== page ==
Much of No Rule Theatre’s The Personals plays out like a twisted Match.com ad. An early 40-something woman seeks a sweet and honest man. A serious reporter searches for, “an aggressive woman.” Blind man hopes to find a sighted mate. These are not the serendipitous perfect matches portrayed in those online dating commercials. That’s because the dates are part of an on-going role-playing game between a husband and wife who are hoping to repair their broken marriage.
Unable to pick up the pieces after a tragic accident, Don and Janna (Michael Kramer and Anne Kanengeiser) attempt to rekindle their lost love through their fake blind dates. The two go on dates set-up through personal ads in the newspaper. Taking on characters dictated in the personal ads, the two meet in the after hours of the bar where Don serves as both owner and headline entertainer.
The premise equates into a multitude of roles for Kramer and Kanengeiser, who both provide subtle hints of chemistry through their false personas that illustrates the love that once existed in the now vacant marriage. There are quite a few humorous moments, especially through Don’s cheesy magic act, but don’t mistake this for a stage version of Fifty First Dates. The mood is gloomy, a thick fog that separates a husband and wife who hope to find their way by pretending to be somebody else.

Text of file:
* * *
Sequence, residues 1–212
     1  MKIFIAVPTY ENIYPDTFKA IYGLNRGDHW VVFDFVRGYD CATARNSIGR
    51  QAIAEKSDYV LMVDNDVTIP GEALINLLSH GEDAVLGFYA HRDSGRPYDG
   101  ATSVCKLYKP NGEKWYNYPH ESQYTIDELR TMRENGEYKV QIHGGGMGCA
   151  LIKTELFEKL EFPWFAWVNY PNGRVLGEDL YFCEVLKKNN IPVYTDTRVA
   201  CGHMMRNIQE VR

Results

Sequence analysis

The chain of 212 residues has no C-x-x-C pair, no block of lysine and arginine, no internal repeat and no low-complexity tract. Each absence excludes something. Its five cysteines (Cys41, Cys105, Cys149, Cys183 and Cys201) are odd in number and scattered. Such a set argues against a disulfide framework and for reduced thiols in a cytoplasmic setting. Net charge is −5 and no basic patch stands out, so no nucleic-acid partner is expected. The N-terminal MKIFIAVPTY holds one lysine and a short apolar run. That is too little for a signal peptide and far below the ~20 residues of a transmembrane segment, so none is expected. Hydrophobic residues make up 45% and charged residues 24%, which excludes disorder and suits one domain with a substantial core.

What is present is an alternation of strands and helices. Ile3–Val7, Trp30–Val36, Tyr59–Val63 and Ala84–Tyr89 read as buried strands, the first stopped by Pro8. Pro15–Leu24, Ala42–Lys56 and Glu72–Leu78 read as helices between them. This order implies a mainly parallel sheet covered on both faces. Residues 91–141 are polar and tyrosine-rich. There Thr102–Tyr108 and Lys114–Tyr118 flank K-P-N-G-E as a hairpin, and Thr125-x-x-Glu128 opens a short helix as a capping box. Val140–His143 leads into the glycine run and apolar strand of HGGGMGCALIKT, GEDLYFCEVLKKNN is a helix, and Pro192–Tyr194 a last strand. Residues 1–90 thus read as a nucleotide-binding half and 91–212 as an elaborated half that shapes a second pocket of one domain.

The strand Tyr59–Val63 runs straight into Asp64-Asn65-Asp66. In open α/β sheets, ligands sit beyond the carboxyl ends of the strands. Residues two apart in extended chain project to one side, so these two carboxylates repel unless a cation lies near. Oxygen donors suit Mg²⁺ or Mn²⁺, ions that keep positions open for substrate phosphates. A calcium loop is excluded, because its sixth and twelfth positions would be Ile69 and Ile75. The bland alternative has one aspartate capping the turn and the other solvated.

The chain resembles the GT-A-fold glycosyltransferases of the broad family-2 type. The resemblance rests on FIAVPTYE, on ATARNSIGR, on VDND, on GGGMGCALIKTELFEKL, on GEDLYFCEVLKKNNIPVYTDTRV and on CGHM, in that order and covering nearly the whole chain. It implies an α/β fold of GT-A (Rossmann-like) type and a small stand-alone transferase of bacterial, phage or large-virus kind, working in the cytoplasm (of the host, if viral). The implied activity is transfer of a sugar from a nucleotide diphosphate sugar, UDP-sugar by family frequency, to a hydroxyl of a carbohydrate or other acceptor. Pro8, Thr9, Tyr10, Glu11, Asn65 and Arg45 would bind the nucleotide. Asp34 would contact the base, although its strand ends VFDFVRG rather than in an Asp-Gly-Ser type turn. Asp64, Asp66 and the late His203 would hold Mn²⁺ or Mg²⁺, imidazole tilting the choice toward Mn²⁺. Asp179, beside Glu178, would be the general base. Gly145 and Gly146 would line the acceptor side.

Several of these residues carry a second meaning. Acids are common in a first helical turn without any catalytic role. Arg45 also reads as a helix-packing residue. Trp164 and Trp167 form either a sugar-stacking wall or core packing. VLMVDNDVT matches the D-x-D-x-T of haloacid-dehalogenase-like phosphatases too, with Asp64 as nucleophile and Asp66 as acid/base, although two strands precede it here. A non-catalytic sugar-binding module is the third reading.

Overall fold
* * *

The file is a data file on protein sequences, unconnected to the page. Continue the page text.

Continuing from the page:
The play is based upon films by Stanley Tucci and Theo Van Gogh and sees its world premiere at No Rules after being adapted by Producing Artistic Director Brian Sutrow. After watching Tucci’s version on Netflix, Sutrow sought Tucci out in order to get his blessing to produce a stage version of the film.
Sutrow and director Josh Hecht keeps most of the film’s narrative intact in this stage adaptation. From clips of the film versions, one can see that the material was a prime candidate for stage adaptation. The action focuses solely on Don and Janna, a lone bartender (Spencer Trinwith) rounds out the cast. The claustrophobic feel of the films translates well on stage, the Don and Janna share dates inside an empty bar but the audience can feel the walls closing in on them as they struggle to work out their issues.
The play keeps the action moving well through the many dates. Much like the films, only so much is revealed about the couple through the dates and in Sutrow’s adaptation the audience is kept even more in the dark which makes the piece all the more gripping.
There are no happy endings in this tale but with Sutow’s re-visioning things don’t end as gruesome as Tucci and Van Gogh had envisioned. While there is an appearance of growth between Don and Janna, in the end of this dark drama it is just an illusion like the acts of magic illustrated on the walls of Don’s bar.